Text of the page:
Relation Between Music and Memory – How They Are Relevant

Relation Between Music and Memory

Music is like a special gift for our senses. It can transport us back to moments we almost forgot were memories. At the same time, it lets artists share their deep feelings and memories with many people.

Imagine you’re driving in your car at 25, and suddenly, ‘A Thousand Miles’ by Vanessa Carlton plays on the radio. It takes you back to the time when you were 13, sitting on your bedroom floor, upset about a short-lived “relationship.”

Even hearing the first few notes of an old school hymn can make you remember your strict primary school teacher, insisting you stand up straight and smile during assembly. Music has this amazing power to bring back feelings we haven’t felt in a long time and take us to places we thought were left in the past.

Stephanie Rainey

A singer-songwriter from Cork, understands how powerful music can be in taking us back in time. She believes that music is like a special language or smell that can bring up memories and emotions”I think music affects memory in a strange way. It’s like a language or a smell. You hear a song, and suddenly, you’re back in a specific time, experiencing something, being with someone.

It can make you feel things as if it’s happening right now. I often find myself crying when I listen to certain songs because they remind me of something. It’s an amazing power.

Stephanie’s song ‘Please Don’t Go’ is a tribute to her nephew who sadly passed away. It talks about loss and heartbreak, something many people can understand. The melody of ‘Please Don’t Go’ creates images that hold a strong sense of nostalgia and memories connected to sad moments.”Even today, when I sing some of my songs live, especially ‘Please Don’t Go,’ I sometimes get emotional. It takes me back to a specific moment, and I feel a similar energy from the people in the room. It’s all because of memory—the memory of someone you’ve lost. That’s what music does, and that’s why I love it so much.”

Jack Lukeman

Jack Lukeman, also known as Jack L, is an Irish singer-songwriter who thinks of music as a way to remember things. He knows how powerful music can be in helping us remember, and certain songs can make a lasting mark in our brains.

Jack said, “When it comes to remembering songs or lyrics practically, it surprises me that I can sing a song I haven’t sung in years from memory in an instant. I have lots of songs in my head, and I believe that melody helps with remembering things.”

Sometimes, we notice that we can easily hum the lyrics of a catchy song like ‘Mambo No.5’ from 1999, but we might struggle to remember an important definition we studied for hours before a big exam. It makes you think about whether Hannah Montana had a clever idea in her 2007 episode where she turned the anatomy of the human body into a simple and effective melody called ‘The Bone Dance’.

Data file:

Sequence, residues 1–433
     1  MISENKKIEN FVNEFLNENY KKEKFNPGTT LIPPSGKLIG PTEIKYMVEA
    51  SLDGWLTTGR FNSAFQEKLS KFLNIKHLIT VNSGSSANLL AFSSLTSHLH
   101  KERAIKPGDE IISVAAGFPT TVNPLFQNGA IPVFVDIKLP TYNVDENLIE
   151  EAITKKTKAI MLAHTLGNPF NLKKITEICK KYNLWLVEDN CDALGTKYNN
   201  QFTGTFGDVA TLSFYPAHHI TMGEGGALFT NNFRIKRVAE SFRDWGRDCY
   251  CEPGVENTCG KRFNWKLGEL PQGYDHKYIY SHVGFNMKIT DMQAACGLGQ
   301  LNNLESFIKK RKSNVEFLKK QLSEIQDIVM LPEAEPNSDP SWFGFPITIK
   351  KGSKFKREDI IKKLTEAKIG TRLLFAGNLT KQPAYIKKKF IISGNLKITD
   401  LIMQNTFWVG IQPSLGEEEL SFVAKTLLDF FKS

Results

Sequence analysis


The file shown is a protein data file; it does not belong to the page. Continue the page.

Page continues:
Maria Borck

Maria Borck, a music therapist and scholar, shared a special moment from her work where music helped a lady with dementia remember something important, even if only for a short time.

“In my group, there was a lady who usually felt confused because of her dementia. One day, she started singing a song she knew. It wasn’t on our list, but I played along with my guitar, and other ladies joined in with their instruments. After the song, during the questions, this lady, who usually struggled to talk, sang the entire song.She began sharing memories from her youth, her family, where she came from, and other memories we thought she had lost due to her memory troubles. Even though her words were not clear, there was a bright moment where she could express herself, share her experiences, and feel a sense of belonging.”

Maria also explained why we often remember the words of a song from years ago and instantly recall the associated memories.

“Scientists found that our brain pays more attention to things that have emotional meaning. Our senses bring us back to events that had emotional importance, like when a taste takes you back to the first time you tried it. Music is a powerful tool to bring out emotions and memories.Listening to a song isn’t just a solo activity. When you listen to a song in a peaceful place like a forest or a beach, you remember the whole moment – the blue sky, the sea, the comfortable temperature, the good feeling. If that moment is linked to a specific situation or person that makes your emotion stronger, the memory and its connection to the music become stronger too.”

The Beauty of Music

Music serves various purposes – it can make a conversation less awkward by playing in the background, and in a dementia ward, it can briefly bring brightness to a mind that’s often in the dark. Some may think of music as just entertainment, but if we see it only that way, we might miss out on a significant medical breakthrough. The tune of a song can jog our memory, and the words help us connect to the song, giving it meaning.

People use music for different reasons – some love to play it, while others enjoy listening to it. No matter why we listen to music, there’s hardly a time when a song doesn’t bring back some memories.

Music isn’t just a mix of pleasing beats, tones, sounds, and lyrics meant to satisfy our ears. It’s like a time machine, allowing us to travel back to moments that have passed. Artists use it to express their memories, listeners use it to recall their own, and science even uses it to bring back memories. Music is a powerful way for us to connect with our past.

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